Daltonwriting's picture
Daltonwriting from Charlotte, NC is reading As many short story collections as I can get my hands on August 24, 2016 - 7:32pm

Some backstory to explain this paragraph.  This is essentially a true story with fictional elements.  Suicide is a huge deal in Veterinary Medicine (we have the highest rate of any profession, not that I'm bragging).  But literally every veterinarian knows someone personally who has committed suicide.  I wanted to explore this but I'm having issues of finding a new creative way to explore it.  So I am attempting to work on a piece told from the Dog's point of view.  So here is an experiement to see if that even works.

She’s sitting on the bed now and has the bag open next to her.  She is constantly rooting through the bag and pulling out more and more objects.  There are a few strange vials that contain weird smelling liquids.  She also pulls out a few syringes.  I know that they are syringes because master uses them when he is giving me or my friends on the farm medicine.  She is sticking different syringes in each of the bottles and drawing up specified amounts.  I think she is also reading something off of a sheet of paper.  I walk over to her and sit at her feet, hoping to get a better glimpse at what she might be doing.  I let out a small whimper to get her attention. She finally looks up at me.  “Duke, you’ve been a good boy.  You remember that okay.  I love you and you are a good boy.”  Well of course I know she loves me.  I always love being told I’m a good boy.  It makes me feel as if I’ve accomplished my goal as a dog, enjoy life and please the masters.  Lady master then picks up a syringe and taps her leg a few times before jamming the needle into her leg and pushing the plunger.  Something is definitely wrong here.  I start barking at her, trying to get her to move away from that bag and those smells.  She continues to ignore me.  I reach up to the bed and grab the bag in my teeth, throwing it to the ground.  “Duke, drop it.  BAD DOG.  Get out of here,” she scolds as lady master grabs my collar, dragging me from the room.  So throws me into the hallway and slams the door.  How could she do this to me?  I need to be in there with her.  Something is very wrong.  I need to help.  I start scratching at the door.  Scratch.  Scratch.  Scratch.  I lean against the door trying to get a better idea as to what is going on inside.  I hear some shuffling and then a thud followed by silence.  Too much silence.  Silence followed by more silence.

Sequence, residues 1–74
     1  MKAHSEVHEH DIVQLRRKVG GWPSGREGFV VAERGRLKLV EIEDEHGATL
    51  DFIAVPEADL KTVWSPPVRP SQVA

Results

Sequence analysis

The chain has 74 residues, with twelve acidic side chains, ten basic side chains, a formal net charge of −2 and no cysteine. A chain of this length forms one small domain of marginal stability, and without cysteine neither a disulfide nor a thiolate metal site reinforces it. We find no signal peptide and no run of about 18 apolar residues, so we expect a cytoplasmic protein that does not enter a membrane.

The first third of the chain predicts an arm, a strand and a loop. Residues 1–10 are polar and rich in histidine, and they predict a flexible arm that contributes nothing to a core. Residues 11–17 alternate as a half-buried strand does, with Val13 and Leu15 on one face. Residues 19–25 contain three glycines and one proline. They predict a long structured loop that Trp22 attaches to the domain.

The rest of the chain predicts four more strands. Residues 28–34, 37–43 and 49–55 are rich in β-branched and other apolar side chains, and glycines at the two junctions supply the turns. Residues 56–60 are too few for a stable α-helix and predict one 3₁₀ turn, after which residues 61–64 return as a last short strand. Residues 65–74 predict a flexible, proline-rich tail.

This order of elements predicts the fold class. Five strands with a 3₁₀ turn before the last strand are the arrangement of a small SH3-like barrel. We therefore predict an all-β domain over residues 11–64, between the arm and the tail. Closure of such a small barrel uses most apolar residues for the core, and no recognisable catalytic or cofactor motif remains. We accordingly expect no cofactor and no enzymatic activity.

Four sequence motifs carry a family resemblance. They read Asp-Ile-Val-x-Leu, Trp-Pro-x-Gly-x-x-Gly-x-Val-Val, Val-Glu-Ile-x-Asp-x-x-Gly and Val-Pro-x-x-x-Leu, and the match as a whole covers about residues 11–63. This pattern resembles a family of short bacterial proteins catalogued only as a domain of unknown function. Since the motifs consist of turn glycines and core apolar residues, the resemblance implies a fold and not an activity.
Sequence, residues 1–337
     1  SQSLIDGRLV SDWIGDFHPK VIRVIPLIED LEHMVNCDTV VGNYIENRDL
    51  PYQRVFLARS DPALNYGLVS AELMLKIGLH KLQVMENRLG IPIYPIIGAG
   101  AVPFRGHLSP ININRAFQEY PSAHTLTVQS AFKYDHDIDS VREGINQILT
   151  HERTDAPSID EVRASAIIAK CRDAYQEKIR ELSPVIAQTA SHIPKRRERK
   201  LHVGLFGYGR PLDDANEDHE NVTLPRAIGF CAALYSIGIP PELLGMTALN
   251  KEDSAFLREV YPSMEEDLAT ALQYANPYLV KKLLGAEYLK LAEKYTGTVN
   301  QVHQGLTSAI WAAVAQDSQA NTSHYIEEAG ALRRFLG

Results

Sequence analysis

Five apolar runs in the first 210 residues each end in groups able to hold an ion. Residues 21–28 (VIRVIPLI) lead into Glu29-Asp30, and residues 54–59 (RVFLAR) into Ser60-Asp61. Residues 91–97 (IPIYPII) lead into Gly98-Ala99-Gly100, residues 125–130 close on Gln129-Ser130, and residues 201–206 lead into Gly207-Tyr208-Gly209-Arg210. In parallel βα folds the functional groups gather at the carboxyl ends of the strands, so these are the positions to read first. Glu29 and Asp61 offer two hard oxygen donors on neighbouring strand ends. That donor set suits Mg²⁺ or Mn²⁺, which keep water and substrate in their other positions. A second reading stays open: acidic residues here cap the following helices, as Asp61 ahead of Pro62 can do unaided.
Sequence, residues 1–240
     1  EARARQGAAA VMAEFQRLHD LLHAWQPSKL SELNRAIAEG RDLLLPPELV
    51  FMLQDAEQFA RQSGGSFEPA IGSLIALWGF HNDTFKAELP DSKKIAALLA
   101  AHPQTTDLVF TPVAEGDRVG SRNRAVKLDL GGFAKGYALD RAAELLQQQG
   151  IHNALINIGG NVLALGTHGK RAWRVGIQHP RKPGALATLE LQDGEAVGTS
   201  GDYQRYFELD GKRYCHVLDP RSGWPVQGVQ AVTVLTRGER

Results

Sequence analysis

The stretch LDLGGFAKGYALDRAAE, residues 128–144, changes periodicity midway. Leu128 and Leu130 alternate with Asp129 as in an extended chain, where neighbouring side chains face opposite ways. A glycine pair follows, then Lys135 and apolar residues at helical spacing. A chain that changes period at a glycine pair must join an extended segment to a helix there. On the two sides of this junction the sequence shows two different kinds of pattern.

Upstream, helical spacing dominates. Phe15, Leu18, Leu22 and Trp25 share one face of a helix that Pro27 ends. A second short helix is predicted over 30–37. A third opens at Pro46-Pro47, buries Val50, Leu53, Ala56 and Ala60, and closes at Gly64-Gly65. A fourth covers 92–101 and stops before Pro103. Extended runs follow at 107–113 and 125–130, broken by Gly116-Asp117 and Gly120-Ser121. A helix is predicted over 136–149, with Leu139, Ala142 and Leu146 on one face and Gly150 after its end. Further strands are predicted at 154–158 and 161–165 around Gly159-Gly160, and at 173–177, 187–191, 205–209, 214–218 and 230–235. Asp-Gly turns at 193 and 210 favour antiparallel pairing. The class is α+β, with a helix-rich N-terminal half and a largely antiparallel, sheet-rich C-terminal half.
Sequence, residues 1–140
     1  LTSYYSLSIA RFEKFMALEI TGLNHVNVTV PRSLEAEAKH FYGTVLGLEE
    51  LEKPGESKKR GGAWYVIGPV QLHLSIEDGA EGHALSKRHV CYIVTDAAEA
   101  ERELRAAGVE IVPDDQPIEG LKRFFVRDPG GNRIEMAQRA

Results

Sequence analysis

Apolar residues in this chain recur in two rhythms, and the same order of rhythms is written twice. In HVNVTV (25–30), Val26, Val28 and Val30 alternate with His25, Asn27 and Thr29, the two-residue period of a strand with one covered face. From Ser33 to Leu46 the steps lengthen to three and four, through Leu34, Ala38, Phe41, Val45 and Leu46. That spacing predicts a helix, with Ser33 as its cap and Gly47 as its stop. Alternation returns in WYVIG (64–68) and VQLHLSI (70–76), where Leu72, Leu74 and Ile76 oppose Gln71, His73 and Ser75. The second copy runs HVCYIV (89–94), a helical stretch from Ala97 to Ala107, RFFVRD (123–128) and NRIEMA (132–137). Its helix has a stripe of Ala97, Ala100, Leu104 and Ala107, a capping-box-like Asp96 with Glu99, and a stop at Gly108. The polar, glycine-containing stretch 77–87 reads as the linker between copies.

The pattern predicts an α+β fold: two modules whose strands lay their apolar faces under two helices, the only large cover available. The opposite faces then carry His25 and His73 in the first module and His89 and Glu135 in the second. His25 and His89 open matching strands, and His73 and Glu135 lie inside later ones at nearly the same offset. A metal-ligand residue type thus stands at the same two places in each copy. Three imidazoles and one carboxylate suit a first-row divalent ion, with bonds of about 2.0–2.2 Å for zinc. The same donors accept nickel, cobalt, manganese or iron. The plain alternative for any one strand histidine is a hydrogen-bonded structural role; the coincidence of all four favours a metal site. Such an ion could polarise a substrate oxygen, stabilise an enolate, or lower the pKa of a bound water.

Thuggish's picture
Thuggish from Vegas is reading Day of the Jackal August 24, 2016 - 11:51am

@Dwayne

So that paragraph of yours has been rolling around in my head this morning...